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Metals and Alloys

Brazing Aluminum Alloys in Space with Dusan Sekulic

Since 2017, Dusan P. Sekulic, Secat J. G. Morris Aluminum Professor in the Department of Mechanical Engineering, has been leading an estimated $1 million international research project funded by NASA and the Roscosmos State Corporation for Space Activities in Russia. 


Reimagining the Internet on Global Scale

A new $3 million grant from the National Science Foundation (NSF) will expand FABRIC, a project to build the nation’s largest cyberinfrastructure testbed, to four distinguished scientific institutions in Asia and Europe. Jim Griffioen, a professor in the Department of Computer Science is a co-principal investigator on the NSF project.

Environmental Engineering and Water Resources

Advancing Wastewater Testing to Track COVID-19

Faculty members Scott Berry and Shakira Hobbs are testing a new technology to evaluate wastewater to track community presence of COVID-19.

Biosystems and Biomaterials

Studying Sulfur Variability in Biofuel Feedstocks with Jian Shi

Through a grant from the U.S. Department of Energy’s Office of Energy Efficiency and Renewable Energy, the research team led by Jian Shi, an assistant professor in the UK College of Agriculture, Food and Environment, will work to identify the reasons behind the sulfur variability in pine feedstocks by studying byproducts collected from across the nation. With the DOE grant and cost-share dollars from universities and the industry, the project will total more than $2 million.

Engineering Better Mental Health Solutions with Sarah Wilson

Engineers are often tasked with solving complex problems, and one of their most important tools in finding a solution is their own creativity.

Ingenuity — that’s exactly what Sarah Wilson would need when confronted with a public health issue in her field.

Medical Imaging

Guoqiang Yu's Novel Noncontact Imaging Device Could Change Healthcare

In 2020, his team has been awarded four grants from the National Institutes of Health that total nearly $5.7 million.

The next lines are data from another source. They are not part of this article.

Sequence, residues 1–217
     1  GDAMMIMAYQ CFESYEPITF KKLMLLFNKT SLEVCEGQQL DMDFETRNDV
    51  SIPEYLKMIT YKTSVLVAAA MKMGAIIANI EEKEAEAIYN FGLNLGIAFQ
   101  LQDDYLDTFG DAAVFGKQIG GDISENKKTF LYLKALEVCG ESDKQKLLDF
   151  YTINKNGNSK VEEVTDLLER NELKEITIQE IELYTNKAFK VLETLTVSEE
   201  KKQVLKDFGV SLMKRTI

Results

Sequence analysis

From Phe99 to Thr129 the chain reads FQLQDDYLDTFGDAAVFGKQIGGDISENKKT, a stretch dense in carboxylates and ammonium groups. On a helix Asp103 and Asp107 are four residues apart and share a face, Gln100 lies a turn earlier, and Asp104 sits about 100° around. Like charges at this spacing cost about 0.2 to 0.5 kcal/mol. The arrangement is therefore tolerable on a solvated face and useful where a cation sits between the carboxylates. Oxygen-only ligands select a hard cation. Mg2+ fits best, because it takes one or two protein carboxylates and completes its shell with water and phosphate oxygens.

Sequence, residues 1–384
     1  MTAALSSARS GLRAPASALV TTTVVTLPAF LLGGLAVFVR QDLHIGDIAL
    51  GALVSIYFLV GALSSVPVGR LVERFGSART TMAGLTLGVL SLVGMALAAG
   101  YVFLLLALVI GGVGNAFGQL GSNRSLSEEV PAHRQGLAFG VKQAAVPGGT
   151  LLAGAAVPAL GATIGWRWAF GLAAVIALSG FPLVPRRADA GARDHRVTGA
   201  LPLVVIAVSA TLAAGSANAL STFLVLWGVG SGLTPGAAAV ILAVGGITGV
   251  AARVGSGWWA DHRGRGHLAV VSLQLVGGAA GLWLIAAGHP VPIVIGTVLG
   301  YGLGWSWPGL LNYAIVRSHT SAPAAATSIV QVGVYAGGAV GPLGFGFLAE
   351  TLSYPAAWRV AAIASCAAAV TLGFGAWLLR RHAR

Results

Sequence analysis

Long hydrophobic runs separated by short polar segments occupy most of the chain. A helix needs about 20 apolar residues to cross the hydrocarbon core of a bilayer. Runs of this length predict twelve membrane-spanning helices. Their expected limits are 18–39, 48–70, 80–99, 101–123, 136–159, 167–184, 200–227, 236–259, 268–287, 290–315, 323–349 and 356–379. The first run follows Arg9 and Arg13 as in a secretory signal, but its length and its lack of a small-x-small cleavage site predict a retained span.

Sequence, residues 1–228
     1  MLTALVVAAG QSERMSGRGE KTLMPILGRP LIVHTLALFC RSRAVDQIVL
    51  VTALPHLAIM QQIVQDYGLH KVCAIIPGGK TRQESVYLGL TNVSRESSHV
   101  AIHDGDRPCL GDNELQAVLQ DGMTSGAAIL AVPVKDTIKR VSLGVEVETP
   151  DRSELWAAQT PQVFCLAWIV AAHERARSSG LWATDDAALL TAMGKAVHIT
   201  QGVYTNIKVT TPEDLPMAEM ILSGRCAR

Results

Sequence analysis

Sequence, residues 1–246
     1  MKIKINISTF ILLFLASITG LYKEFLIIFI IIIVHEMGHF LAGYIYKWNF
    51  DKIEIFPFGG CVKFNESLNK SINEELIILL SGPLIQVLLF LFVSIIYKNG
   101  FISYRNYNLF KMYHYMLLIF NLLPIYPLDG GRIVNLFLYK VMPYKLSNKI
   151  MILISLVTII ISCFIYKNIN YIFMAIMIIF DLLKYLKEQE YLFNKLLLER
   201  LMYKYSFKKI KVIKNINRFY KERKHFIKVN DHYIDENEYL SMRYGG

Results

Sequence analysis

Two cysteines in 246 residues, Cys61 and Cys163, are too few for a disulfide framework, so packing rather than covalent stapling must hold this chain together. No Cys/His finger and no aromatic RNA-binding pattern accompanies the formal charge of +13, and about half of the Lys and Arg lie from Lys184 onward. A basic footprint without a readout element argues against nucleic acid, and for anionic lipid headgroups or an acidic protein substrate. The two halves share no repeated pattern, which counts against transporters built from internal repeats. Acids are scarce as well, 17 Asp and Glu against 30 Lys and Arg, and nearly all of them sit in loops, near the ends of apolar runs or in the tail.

Developing a Mask that Captures and Deactivates COVID-19 with Dibakar Bhattacharyya

University of Kentucky engineering professor Dibakar Bhattacharyya recently announced he had the concept and the means to develop a medical face mask that would capture and deactivate COVID-19 on contact. Now, the director of UK’s Center of Membrane Sciences, along with collaborators from two different disciplines, has received a grant from the National Science Foundation (NSF) to make these masks a reality.

Software Engineering

Software Engineering with Tingting Yu

In August 2019, computer science assistant professor Tingting Yu received a three-year grant from the National Science Foundation in the amount of approximately $500,000. The project involves collaboration between University of Kentucky and Stevens Institute of Technology, and the goal is to improve the quality of modern software systems. Yu researches the broad field of software engineering, which largely boils down to creating better software. The goal of her research is to engineer techniques that help developers create more dependable, secure and user-friendly software systems. 


Nanobiotechnology with Sheng Tong

Associate professor Sheng Tong joined the F. Joseph Halcomb III, M.D., Department of Biomedical Engineering this past fall. Prior to arriving in Lexington, Tong was a research associate professor in the Department of Bioengineering at Rice University.

Tong’s research synergistically combines nanobiotechnology, drug and gene delivery, and cancer therapy. He is currently focusing on developing genome editing approaches for cancer immune checkpoint blockade therapies. 

Autonomy, Robotics and Controls

Preventing Cattle Loss with Unmanned Aerial Vehicles with Jesse Hoagg

It's a staggering statistic — every year nearly 3 million cows in the U.S. die from health problems. And it's costing the cattle industry more than $1 billion.

Combating this economic loss starts at the producer level. Ultimately, improved observation of cows in the pasture is proven to reduce herd loss. Sounds simple enough — right? But beef cattle spend a significant amount of time outside, which makes constant monitoring problematic.

Could eyes in the sky be the answer?

Jesse Hoagg, the Donald and Gertrude Lester Professor of Mechanical Engineering at the University of Kentucky, thinks so.